There has always been a lot of debate around the effectiveness and motivation behind ‘the gift’ of feedback. Unfiltered transparency, 360 reviews, and radical candor are currently trending hard in the world of tech. The question remains, is all this feedback really having a positive impact on how we perform? Is transparency really the answer to building the kind of workplace culture we want to be a part of?
In a recent article published by Marcus Buckingham and Ashley Goodall in the Harvard Business Review, feedback is defined as sharing with someone what we think of their performance and then letting them know how they should do it better. The research suggests that these kinds of hard conversations do NOT actually help people thrive and telling them what we think they should do to improve actually HINDERS learning.
So why do we do it? There are different kinds of motivation behind ‘the gift’ of feedback. Feedback can be a source of truth, a way to coach, or a call for high performance. The reality is, constructive feedback, in all its different forms, is usually an attempt to inspire excellence. But if excellence is really what we’re after, focusing on what’s not working doesn’t really make sense. “Focusing on people's shortcomings doesn’t enable learning; it impairs it,” suggests Buckingham and Goodall. “Where and when we excel as humans is when people who know and care about us tell us what they experience when we perform at our best.”
All that magic we thought was happening outside of our comfort zone isn’t actually that magical. In fact, when we get far out of our comfort zones, our brains stop paying attention to anything other than survival (think fight or flight). Turns out we actually learn best inside our comfort zones. This is where we’re most open to possibility, most creative, insightful, and productive.
Accelerate Okanagan recently hosted Leader’s Discipline training in the Okanagan. This executive training course, developed and delivered by the Roy Group, was a fully immersive two-day program that provided participants with the opportunity to explore the concept of coaching, quality feedback, and active listening. These concepts had very little to do with critique and everything to do with conduct. In fact, it was all about caring and creating safe spaces for reflection, inquiry, pause, and action.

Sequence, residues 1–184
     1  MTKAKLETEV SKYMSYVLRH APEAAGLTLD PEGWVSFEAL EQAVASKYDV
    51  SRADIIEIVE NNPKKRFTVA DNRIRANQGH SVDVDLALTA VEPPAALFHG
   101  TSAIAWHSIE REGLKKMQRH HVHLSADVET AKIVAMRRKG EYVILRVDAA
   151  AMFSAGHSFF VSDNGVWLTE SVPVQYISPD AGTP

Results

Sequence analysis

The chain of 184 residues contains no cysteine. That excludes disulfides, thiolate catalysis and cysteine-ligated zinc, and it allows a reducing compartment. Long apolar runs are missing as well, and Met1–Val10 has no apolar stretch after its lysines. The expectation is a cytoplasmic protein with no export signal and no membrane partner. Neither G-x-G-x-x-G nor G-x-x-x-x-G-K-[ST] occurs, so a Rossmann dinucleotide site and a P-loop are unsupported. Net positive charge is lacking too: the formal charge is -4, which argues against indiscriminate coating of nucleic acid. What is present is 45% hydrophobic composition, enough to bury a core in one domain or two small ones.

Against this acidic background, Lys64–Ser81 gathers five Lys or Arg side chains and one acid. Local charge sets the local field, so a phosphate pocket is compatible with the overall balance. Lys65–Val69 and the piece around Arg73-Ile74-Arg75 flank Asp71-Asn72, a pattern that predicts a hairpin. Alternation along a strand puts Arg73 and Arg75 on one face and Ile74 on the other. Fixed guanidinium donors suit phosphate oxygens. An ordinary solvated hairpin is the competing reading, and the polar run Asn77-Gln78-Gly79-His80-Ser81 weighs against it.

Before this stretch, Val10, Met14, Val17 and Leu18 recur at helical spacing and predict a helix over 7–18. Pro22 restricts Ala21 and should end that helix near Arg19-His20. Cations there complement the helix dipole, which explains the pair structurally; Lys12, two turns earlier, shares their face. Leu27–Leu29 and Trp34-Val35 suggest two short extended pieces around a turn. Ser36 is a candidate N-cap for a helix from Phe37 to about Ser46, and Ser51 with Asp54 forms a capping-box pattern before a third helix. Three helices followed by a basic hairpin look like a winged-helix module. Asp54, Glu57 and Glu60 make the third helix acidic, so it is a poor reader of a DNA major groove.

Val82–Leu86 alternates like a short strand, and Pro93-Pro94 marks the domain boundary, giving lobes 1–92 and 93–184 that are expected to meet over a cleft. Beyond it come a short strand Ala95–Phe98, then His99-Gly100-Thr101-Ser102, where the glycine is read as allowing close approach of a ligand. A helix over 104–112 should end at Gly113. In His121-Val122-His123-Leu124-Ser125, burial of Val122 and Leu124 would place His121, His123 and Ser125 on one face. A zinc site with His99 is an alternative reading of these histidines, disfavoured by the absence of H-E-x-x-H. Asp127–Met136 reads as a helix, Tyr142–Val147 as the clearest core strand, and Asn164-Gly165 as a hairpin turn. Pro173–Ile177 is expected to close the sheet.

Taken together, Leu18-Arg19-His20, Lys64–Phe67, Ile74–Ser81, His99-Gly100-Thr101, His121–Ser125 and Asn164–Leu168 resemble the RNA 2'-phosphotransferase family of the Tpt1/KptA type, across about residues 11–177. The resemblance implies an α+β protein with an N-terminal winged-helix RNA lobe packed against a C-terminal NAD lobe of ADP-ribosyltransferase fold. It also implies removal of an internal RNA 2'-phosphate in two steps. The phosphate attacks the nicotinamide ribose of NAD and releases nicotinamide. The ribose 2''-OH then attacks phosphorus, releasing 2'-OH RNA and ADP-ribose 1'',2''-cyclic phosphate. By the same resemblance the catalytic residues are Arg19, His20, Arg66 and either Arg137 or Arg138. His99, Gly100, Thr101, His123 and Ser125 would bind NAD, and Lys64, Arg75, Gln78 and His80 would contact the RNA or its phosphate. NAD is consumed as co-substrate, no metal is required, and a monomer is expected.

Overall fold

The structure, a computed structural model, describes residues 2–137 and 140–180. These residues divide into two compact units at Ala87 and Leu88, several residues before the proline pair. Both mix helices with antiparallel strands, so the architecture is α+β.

Over the course of the experience participants:
Notice how mental state influences performance, learning, and engagement;
Practice and build on their ability to coach leaders and teams of leaders;
Investigate when coaching is most effective;
Address a current leadership issue they face;
Increase their ability and confidence in giving and receiving honest feedback.
We learned that understanding that the way in which we conduct ourselves creates an atmosphere in other people that is key to being the kind of coach that can increase performance, promote learning, and command engagement. This kind of coach knows that delivering high-quality feedback is really more about listening and asking questions then it is about imparting wisdom. Bottom line: it is never a bad idea to stop and ask yourself, ‘wait, why am I talking?’.
The Leader’s Discipline is all about delivering feedback within the comfort zone. Coaching sessions involve building rapport, asking questions, and creating space. To do this, The Roy Group developed a feedback model designed to guide new and developing leaders through the process:
Our facilitator, Ian Chisholm created an amazing learning environment. The coaching experience was filled with tangible examples that feedback can be a force for good but only when conduct is king. And although it was at times uncomfortable to flex this new muscle, it was worth it.
This training was invaluable in building leadership skills and coaching that could be applied almost immediately and we can’t wait to have the Roy Group back in the Okanagan.